Relationship building ‘surely the end goal’ of analytics

Data Matrix

Insurers need to do more to build on their data and analytics capabilities to address customer needs, a conference heard.

Data can be used as a tool to mitigate risk for clients, but so far insurers have largely relied on it to bolster their internal workings, delegates at Guidewire Connections in Las Vegas heard.

Axis global head of cyber, Dan Trueman said: “Using data and analytics and the tools we have to improve our relationships is surely the end goal.

“How many of the problems we seem to try to deal with and face are about our internal challenges?” He asked. “One of the biggest debates: we have been offering marine insurance for 300 years and we can’t decide whether piracy is a peril of the sea or needs its own class of insurance. That is the sort of thing we deal with on a daily basis. It’s not really moving the needle and taking us forward.

“How do we make insurance better? How do we stop lagging behind other industries? The great use case for that is the idea of how do we turn that externally and make the risk better.

“A particularly good example is: Cyence gave us really useful insight last year. Before Wannacry and Notpetya, was the Eternal Blue hack. We were able to look at that, look at the vulnerabilities it was going to exploit, then look at our client base and use it as an opportunity to talk to those clients.”

Trueman was responding to comments made by Aviva managing director of SME, Gareth Hemming.

“We are behind,” Hemming warned. “We are behind because we have used our capability for our purpose and not thought about how we can use it for customer purposes.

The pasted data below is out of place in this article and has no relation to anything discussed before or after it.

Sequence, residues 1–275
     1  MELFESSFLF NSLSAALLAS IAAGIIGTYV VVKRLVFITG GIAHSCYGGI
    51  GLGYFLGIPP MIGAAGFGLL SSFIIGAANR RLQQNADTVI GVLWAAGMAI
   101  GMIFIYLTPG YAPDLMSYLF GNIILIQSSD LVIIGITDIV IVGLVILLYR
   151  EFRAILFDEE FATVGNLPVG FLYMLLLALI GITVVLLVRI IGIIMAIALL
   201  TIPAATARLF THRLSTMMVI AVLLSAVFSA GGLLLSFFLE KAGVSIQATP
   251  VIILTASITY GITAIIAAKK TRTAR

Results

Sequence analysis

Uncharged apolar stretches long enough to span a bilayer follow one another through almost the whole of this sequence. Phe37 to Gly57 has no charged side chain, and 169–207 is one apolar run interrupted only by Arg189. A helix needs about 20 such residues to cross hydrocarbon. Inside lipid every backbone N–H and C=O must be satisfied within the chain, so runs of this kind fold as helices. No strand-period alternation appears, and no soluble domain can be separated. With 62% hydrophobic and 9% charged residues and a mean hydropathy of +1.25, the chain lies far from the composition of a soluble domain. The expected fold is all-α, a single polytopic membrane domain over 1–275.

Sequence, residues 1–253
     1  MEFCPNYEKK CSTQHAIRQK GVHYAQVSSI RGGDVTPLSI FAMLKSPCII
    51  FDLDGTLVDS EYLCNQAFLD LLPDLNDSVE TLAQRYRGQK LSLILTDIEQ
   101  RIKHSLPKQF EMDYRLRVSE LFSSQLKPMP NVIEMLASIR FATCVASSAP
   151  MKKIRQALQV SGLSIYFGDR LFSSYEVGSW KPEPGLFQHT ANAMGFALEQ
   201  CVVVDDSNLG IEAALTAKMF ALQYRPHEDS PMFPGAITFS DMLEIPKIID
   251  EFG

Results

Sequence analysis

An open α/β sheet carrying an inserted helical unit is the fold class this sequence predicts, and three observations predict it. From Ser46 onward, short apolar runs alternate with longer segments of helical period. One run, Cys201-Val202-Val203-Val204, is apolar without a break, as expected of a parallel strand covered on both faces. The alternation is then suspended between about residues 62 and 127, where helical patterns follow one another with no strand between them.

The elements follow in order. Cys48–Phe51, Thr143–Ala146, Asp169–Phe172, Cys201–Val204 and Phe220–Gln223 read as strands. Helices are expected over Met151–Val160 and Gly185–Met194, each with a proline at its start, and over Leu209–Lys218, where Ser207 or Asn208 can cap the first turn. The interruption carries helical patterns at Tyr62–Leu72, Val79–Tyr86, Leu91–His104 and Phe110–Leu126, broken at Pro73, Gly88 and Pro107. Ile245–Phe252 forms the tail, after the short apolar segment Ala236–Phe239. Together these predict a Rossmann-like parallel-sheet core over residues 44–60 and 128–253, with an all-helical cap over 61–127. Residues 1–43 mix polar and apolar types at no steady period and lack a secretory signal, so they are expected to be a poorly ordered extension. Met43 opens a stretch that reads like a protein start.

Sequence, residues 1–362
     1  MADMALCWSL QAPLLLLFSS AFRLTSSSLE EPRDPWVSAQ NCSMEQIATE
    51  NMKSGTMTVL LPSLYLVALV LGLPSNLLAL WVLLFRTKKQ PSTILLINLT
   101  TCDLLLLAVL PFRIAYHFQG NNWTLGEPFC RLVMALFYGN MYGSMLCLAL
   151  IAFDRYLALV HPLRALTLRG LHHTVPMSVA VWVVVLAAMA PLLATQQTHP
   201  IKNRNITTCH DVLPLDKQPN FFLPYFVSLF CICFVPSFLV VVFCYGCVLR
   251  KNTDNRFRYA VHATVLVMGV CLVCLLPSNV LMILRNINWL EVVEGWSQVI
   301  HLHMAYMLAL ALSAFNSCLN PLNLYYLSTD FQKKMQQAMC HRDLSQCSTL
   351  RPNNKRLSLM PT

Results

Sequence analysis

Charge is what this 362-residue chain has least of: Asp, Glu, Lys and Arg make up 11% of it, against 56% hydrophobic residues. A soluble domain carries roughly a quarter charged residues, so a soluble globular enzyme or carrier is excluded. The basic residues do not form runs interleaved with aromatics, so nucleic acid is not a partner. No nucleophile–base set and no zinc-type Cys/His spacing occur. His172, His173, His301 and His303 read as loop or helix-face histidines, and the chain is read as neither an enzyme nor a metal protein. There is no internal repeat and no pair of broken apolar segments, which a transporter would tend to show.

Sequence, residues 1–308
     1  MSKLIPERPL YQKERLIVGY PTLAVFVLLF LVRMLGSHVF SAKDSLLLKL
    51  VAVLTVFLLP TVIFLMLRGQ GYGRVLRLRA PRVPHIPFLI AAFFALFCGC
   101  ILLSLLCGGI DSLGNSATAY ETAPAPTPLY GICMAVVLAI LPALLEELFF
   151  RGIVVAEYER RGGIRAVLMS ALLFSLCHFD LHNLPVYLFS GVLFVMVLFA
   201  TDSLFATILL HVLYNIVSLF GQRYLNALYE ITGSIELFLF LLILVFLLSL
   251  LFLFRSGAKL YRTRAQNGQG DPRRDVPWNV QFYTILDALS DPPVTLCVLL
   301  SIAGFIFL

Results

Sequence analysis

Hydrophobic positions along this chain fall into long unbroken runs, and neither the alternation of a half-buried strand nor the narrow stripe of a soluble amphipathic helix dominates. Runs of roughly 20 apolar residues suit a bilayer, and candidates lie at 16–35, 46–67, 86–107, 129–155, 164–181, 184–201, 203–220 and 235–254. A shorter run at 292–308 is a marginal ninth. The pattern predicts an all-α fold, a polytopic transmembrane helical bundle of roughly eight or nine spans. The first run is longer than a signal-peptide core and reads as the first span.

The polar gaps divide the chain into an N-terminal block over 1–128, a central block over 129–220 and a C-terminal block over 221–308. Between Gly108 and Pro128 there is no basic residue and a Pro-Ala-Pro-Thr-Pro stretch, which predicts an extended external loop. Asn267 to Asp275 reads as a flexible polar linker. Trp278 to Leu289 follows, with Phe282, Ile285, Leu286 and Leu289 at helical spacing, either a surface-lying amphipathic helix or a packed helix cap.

“It is a massive irony that we are an industry based on data and based in predicting loss and have been doing it for hundreds of years. And yet we’ve got to the point where we are just doing it for ourselves.

“Over the last 10 years or so we have moved to the point where we are automating and underwriting straight through about 60% of our SME policy count, but that’s still 40% of SMEs that we are saying are too complicated. That doesn’t make sense to me, with what you can do elsewhere.

“The bigger shame is that what we’ve put our skill to use for is our benefit. Better return on investment, lower loss ratios, better capacity, better efficiency, and it’s only recently really that we have started to turn our attention to how we can use our skills and capability for the customers’ benefit. How can we start to predict incidents, or losses, or issues for that customer?”

Hemming added: “Generic warnings don’t work. People just get used to them. If you can be really precise, really helpful and in my part of the business, if I can stop small businesses being disrupted then I feel we are doing a massive good. There is employment there. There are businesses that will succeed.”

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